detailed pcb thermal modeling with thermal territories

Detailed PCB Thermal Modeling with Thermal Territories


Including thermal analysis early in a design process has proven to be the preferred approach in delivering the best design in the shortest amount of time. As the electrical and mechanical designs develop early in the design process the thermal analysis evolves as more information is integrated into the thermal model. Later in the design process, when ECAD data is available a more detailed approach to PCB modeling can be considered.

Accurately modeling detailed PCB traces in a system level thermal analysis is challenging. Historically the process involved the manual conversion of 2D drawings to 3D MCAD geometry. More recently thermal analysis tools have been able to convert PCB layout files directly to explicit thermal models but generally lack the ability to control the models resolution in detail. The ability to resolve a PCB layout file directly greatly reduces the model development time but modeling an entire PCB with explicit traces is computationally inefficient for most system level thermal design scenarios. The current best approach balances thermal model accuracy with computational expense through the concept of Thermal Territories.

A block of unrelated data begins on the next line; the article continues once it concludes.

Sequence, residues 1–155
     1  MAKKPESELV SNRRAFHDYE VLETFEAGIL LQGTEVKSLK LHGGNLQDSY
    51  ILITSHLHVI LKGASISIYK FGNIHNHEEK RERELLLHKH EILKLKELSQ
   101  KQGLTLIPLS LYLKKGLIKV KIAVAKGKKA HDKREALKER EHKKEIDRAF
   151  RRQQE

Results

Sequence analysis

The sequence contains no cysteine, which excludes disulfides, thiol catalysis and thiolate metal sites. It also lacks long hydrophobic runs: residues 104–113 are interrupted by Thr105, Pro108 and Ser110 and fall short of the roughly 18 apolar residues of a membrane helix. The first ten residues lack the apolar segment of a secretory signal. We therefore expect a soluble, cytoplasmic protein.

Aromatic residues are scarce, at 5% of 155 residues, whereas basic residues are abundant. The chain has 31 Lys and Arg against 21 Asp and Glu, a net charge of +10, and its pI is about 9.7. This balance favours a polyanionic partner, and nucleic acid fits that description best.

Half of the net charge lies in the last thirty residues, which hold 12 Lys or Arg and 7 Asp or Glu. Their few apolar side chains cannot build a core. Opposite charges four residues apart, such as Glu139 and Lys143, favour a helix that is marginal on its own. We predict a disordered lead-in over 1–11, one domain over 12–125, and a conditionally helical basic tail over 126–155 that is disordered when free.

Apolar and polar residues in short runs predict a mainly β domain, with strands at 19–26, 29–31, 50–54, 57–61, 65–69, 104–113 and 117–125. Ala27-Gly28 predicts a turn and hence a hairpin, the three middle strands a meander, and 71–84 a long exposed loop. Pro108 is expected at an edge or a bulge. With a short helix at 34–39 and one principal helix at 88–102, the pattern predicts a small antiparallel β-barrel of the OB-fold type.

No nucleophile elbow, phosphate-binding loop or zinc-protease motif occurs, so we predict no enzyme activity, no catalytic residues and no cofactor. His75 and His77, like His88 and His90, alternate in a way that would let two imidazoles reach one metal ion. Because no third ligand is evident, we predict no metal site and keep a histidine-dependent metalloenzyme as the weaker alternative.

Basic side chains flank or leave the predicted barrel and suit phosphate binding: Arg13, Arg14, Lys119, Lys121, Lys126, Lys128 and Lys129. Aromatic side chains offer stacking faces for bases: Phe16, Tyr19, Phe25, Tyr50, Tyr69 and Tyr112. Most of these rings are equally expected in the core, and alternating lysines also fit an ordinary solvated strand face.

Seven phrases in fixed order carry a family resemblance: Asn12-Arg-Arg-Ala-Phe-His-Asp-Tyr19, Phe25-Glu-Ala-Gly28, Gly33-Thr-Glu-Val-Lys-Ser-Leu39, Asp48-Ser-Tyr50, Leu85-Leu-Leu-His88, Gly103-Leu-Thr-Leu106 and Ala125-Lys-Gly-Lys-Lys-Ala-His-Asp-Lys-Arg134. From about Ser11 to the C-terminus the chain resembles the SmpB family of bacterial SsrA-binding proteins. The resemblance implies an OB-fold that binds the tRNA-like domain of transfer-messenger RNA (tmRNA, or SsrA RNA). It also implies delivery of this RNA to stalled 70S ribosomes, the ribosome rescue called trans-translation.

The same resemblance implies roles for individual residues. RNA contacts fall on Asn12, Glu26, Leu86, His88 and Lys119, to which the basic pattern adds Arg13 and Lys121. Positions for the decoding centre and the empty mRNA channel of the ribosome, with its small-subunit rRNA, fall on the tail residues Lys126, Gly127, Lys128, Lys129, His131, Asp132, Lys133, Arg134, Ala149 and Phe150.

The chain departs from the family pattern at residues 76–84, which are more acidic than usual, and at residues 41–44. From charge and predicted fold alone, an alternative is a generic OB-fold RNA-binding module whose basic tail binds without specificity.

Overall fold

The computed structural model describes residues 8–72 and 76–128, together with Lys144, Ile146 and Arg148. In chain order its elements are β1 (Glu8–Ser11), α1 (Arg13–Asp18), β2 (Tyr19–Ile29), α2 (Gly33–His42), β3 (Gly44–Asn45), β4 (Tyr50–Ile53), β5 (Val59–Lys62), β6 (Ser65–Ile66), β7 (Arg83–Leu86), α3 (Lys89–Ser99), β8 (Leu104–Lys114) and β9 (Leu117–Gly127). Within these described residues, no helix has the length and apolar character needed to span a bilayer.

A brief overview of the methods of capturing PCB copper distribution is discussed including the advantages and disadvantages of each process. Examples of the thermal predictions based upon these methods will be shown. The concept of Thermal Territories will be introduced and examples shown that compare the relative accuracy gain when explicitly capturing the copper distribution from the heat source outwards.

What You Will Learn

  • What are the common approaches in the thermal modeling of printed circuit boards
  • When, why, and how to implement pcb thermal modeling strategies
  • A look at how modeling a pcb in a thermal analysis with Thermal Territories will improve accuracy and save time

What You Will Learn

  • Engineers who have thermal problems with electronic based applications
  • Technical Managers
  • Thermal Engineers
  • Board and Chassis Engineers


John Wilson joined Mentor Graphics Corporation, Mechanical Analysis Division (formerly Flomerics Ltd) after receiving his BS and MS in Mechanical Engineering from the University of Colorado at Denver. Since joining in 1999, John has worked on or managed more than 70 thermal and airflow design projects.

His modeling and design knowledge range from component level to Data Centers, heat sink optimization and compact model development. John has extensive experience in IC package level test and analysis correlation through his work at Mentor Graphics’ Fremont based Thermal Test Facility.

He is currently the Electronics Product Specialist, in the Western Region, for the Mechanical Analysis Division.